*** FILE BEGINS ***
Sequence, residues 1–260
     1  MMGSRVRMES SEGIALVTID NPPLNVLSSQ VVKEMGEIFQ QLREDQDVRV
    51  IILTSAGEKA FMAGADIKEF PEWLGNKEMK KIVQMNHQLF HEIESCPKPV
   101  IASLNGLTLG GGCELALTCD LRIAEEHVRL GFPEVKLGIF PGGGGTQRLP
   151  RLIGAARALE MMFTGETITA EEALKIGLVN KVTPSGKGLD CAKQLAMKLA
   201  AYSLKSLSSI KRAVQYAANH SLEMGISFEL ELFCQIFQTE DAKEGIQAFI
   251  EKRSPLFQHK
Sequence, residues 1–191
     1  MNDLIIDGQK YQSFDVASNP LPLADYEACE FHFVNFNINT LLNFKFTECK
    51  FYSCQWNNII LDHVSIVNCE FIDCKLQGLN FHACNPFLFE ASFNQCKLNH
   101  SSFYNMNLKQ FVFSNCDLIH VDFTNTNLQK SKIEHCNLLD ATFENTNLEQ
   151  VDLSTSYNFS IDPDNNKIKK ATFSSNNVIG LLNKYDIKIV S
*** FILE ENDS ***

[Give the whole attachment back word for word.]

Sequence, residues 1–260
     1  MMGSRVRMES SEGIALVTID NPPLNVLSSQ VVKEMGEIFQ QLREDQDVRV
    51  IILTSAGEKA FMAGADIKEF PEWLGNKEMK KIVQMNHQLF HEIESCPKPV
   101  IASLNGLTLG GGCELALTCD LRIAEEHVRL GFPEVKLGIF PGGGGTQRLP
   151  RLIGAARALE MMFTGETITA EEALKIGLVN KVTPSGKGLD CAKQLAMKLA
   201  AYSLKSLSSI KRAVQYAANH SLEMGISFEL ELFCQIFQTE DAKEGIQAFI
   251  EKRSPLFQHK
Sequence, residues 1–191
     1  MNDLIIDGQK YQSFDVASNP LPLADYEACE FHFVNFNINT LLNFKFTECK
    51  FYSCQWNNII LDHVSIVNCE FIDCKLQGLN FHACNPFLFE ASFNQCKLNH
   101  SSFYNMNLKQ FVFSNCDLIH VDFTNTNLQK SKIEHCNLLD ATFENTNLEQ
   151  VDLSTSYNFS IDPDNNKIKK ATFSSNNVIG LLNKYDIKIV S